When you listen to the most experienced Starbuck’s customers give their orders, not only will you hear proper pronunciation, but there is a kind of rhythm to the order that provides the baristas the exact beverage specifications in a certain order using the least amount of words and syllables possible. This practice seems to have been adopted nationwide. For example, an order may go… “I would like a tall skim double-shot vanilla latte with whip.” This is much faster than saying… “I would like a vanilla latte made with skim milk, and two shots of espresso, with whip cream on it. Oh and I’d like that in a tall size.” To become a knowledgeable order-giver, you must first understand what your drink options are, and then the proper order to convey your selections. Because people seem to love choices, many stores offer them, and Starbucks is no different. They offer whole, two-percent, skim, soy, and in some stores, organic milk. The syrups, which can be added in any combination to any drink, are offered in regular or sugar free. As a basic rule, in espresso drinks, a tall has one shot of espresso, a grande has two shots of espresso, and a venti has three. So, you could actually order a grande espresso drink as “half-caf,” which means one shot of espresso is caffeinated while the other is not. To put your selection together, follow this guideline: size, milk product (soy, non-fat, etc.), caffeine specification (half-caf, decaf, etc), syrup flavoring choices (sugar-free vanilla, hazelnut, etc), basic drink (latte, cappuccino or cap, mocha, etc.), whipped cream instructions (whip vs. no whip), and finally, additional heat (extra hot). This guideline includes every possible option, but in most cases, your order will be much less complicated because you are sticking to the standard drink preparation. In any drink with milk, whole milk is used as the standard because it offers the best flavor; same goes for regular syrups as opposed to sugar free. So, when you order a tall pumpkin spice latte, it will come with one shot of espresso, whole milk, and regular syrups. On the other hand, if you are more health conscious, you may order a tall nonfat sugar-free pumpkin spice latte, no whip. Because you want something other than the menu standard, you have to specifically say so.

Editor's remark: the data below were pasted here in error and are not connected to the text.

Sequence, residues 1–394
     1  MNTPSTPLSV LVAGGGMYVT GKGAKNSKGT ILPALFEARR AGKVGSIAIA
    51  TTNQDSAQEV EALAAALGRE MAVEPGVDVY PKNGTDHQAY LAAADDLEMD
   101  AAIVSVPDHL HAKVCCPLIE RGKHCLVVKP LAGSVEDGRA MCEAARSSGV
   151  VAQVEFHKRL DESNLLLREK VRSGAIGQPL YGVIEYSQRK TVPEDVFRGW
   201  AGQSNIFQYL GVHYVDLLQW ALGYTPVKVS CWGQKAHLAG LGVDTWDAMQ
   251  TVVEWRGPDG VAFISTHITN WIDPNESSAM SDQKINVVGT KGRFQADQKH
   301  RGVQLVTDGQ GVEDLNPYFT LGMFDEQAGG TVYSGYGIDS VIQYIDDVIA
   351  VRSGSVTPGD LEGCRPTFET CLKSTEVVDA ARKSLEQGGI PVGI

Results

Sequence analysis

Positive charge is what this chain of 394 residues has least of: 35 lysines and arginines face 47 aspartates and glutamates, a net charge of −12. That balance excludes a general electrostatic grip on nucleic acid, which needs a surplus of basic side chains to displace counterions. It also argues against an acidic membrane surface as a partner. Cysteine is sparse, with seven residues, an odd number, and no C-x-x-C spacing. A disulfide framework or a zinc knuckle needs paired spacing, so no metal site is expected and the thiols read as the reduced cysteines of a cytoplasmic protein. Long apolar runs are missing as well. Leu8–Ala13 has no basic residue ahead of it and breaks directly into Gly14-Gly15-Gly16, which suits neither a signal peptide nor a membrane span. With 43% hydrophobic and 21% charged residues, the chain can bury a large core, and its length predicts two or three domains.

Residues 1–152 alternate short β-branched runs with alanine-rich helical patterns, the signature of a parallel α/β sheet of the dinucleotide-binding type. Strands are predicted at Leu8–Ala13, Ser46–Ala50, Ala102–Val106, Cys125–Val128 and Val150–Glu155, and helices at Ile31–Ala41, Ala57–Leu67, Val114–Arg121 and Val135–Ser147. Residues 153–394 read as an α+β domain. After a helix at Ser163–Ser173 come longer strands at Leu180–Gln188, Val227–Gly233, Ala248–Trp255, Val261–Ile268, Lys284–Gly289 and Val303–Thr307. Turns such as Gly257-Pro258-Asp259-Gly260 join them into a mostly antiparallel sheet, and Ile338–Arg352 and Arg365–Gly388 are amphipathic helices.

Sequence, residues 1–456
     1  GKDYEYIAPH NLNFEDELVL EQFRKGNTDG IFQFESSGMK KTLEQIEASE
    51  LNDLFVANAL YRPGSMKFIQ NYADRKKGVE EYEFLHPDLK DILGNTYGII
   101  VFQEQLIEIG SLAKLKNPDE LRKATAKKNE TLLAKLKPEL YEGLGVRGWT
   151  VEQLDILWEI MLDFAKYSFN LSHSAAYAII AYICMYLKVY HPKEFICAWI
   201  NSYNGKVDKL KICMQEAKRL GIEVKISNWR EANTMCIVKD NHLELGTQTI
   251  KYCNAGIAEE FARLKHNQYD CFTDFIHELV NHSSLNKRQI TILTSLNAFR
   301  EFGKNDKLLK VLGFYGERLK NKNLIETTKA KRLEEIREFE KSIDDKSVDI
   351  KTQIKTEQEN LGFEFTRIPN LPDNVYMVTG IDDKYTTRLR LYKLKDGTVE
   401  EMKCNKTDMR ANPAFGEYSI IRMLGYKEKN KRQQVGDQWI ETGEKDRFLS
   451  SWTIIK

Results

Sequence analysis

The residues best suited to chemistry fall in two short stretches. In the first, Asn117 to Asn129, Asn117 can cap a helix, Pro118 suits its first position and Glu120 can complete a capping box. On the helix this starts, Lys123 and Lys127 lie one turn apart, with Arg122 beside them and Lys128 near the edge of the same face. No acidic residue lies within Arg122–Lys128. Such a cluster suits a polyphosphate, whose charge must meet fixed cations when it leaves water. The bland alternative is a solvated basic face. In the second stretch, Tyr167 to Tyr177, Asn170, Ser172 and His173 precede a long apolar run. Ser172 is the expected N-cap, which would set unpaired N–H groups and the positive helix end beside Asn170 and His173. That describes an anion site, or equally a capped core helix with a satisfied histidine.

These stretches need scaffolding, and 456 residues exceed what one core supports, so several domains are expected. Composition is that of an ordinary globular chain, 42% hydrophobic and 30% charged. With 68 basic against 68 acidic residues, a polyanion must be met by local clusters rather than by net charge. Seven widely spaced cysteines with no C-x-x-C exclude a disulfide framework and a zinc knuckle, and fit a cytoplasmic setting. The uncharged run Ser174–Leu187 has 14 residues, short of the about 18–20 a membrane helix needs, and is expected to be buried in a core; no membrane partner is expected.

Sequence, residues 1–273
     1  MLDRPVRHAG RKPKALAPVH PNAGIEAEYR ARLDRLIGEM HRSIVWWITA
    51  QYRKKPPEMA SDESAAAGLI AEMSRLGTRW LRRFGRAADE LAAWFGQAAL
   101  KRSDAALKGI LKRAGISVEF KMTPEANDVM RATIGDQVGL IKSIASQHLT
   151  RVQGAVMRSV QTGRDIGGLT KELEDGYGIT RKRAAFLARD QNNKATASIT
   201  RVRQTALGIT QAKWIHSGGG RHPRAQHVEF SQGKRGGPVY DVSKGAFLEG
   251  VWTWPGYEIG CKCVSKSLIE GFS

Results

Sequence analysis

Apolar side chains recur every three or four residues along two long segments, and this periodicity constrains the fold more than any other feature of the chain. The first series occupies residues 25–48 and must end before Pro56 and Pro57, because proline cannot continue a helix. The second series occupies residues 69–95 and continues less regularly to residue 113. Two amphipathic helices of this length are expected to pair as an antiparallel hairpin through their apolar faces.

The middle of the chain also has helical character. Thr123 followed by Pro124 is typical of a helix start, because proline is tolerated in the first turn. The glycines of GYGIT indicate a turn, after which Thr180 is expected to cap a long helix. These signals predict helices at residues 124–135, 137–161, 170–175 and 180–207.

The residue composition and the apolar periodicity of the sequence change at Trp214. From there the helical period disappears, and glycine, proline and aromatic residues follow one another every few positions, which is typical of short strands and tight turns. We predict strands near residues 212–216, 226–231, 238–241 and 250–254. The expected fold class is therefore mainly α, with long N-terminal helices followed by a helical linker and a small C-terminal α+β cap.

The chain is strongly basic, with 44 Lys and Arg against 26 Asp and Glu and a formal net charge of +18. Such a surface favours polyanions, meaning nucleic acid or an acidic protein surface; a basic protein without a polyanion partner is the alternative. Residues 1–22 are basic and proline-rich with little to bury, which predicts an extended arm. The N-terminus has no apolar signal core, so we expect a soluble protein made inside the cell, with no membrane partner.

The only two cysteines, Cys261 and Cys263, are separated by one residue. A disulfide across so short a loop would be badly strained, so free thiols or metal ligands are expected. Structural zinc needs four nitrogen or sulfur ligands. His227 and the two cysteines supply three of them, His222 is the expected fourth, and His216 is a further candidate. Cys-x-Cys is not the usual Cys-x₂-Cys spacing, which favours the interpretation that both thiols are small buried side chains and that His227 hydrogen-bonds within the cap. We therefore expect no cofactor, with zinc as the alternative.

Once you have learned the Starbucks ordering process, proper drink pronunciations, and menu selections, do not get comfortable. Just to keep everyone guessing, seasonal specials are offered such as the gingerbread latte in fall and the eggnog latte during Christmas time. In the summer, when cold iced drinks are preferable, the mint chocolate chip frappuccino may show up on the menu. These specialty drinks are a way to give long-time customers new options for enjoyable refreshment.

Now, do not let that pushy lady behind you intimidate her way to the front of the line. Organize your thoughts, put together your order, and go ahead, say it! If a word happens to come out wrong, or you switch the order of a couple words, it is truly not the end of the world. All snobbery aside, most baristas are very willing to explain menu options and help you reach a decision. Ordering coffee at Starbucks may take a little practice, but once you have that fresh steaming cappuccino in hand, your diligent preparations will be more than worth the effort.

Other articles you might like:

Organic Coffee Vs. Regular Coffee

Leave a Reply